CCS: Cirencester Waterways

Severe flooding from the Churn has affected Cirencester the last few years.

The River Churn starts at Seven Springs and flows down the valley into Cirencester and then via Siddington and South Cerney where it joins the River Thames. The Daglingworth stream starts around Duntisbourne Abbots and flows through Stratton and across the water meadows to Barton Mill House, and eventually reappearing in the Abbey Grounds (where it is mysteriously renamed The Churn). 

When the Romans built Corinium they diverted the two rivers around the fortified walls.

 In the 15th Century a number of water-powered mills were built (Stratton, Barton, Abbey, New, Preston and Siddington) and the owners needed a reliable source of water and as a result a series of artificial channels and mill ponds were built. Barton Mill was built on the route of the Daglingworth Stream and later, some of the Churn was diverted to the Mill to provide more power. Then it was decided to extend this as the Gumstool Brook and along the south of Coxwell Street to feed the Abbey Mill where Gosditch Street and Dollar Street meet. This stream became a grossly polluted sewer and the source of diseases and so was culverted. However, when more of the Churn was diverted to power the Abbey Mill it caused flooding in Coxwell Street. To reduce this, the stream between the Mead and Powell’s School was cut to flow under Spitalgate Lane and into the Abbey Lake.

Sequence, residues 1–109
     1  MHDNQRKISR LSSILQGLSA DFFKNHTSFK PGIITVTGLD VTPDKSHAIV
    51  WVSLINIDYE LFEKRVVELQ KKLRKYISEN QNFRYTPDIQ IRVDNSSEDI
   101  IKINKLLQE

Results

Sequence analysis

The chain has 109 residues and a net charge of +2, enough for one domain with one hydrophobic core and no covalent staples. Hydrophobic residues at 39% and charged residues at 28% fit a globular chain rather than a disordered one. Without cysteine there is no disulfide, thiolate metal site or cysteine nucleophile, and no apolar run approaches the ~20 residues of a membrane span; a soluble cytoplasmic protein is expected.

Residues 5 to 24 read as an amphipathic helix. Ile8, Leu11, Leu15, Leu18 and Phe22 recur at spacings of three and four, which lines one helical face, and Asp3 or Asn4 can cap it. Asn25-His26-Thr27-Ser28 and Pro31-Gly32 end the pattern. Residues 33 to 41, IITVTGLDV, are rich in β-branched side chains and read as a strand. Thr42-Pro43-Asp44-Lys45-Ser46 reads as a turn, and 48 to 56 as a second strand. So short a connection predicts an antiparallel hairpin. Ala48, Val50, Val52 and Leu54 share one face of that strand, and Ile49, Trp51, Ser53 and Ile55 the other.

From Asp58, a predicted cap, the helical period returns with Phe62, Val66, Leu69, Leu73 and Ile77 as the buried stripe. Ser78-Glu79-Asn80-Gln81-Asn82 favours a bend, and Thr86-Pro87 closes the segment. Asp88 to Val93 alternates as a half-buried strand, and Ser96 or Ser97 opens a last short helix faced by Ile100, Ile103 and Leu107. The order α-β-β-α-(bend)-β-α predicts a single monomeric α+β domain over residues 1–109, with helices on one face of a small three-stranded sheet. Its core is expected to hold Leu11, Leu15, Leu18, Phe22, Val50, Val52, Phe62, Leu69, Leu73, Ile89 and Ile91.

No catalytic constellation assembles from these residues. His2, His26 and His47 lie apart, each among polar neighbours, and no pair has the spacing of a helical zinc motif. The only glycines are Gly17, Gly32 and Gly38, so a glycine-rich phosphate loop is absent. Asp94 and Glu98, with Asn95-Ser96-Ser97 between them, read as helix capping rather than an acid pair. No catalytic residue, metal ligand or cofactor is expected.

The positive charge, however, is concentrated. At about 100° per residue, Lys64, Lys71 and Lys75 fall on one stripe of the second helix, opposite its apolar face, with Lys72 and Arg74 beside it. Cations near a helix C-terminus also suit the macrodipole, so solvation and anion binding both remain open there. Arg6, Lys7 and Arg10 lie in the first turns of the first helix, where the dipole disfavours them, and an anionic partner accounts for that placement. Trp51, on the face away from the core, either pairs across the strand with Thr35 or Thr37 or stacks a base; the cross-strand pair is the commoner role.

Society on a flood plain.

In the late 18th century when a branch of the Severn-Thames canal was built to serve the town another canal feeder was created by diverting the Daglingworth Stream across the Bathurst Estate under Cecily Hill to the wharf in Sheep Street. Now, near the course of the Churn, some houses built in 1968 have sewers where groundwater is likely to be a significant source of escape of untreated or partially treated sewage. So it appears that some residents are still suffering from the same problems that were experienced so many years ago.

The geology of the flood plain on which Cirencester sits between its two rivers means that the water table can sometimes achieve high levels. Several groups are attempting to work with the County, District and Town Councils plus Thames Water and the Environment Agency to find ways to improve the situation following the dreadful events over last Christmas and New Year.

John Tiffney

Cirencester Civic Society https://www.ccsoc.org.uk/

0 comments on “CCS: Cirencester Waterways

Leave a Reply

This site uses Akismet to reduce spam. Learn how your comment data is processed.

%d bloggers like this: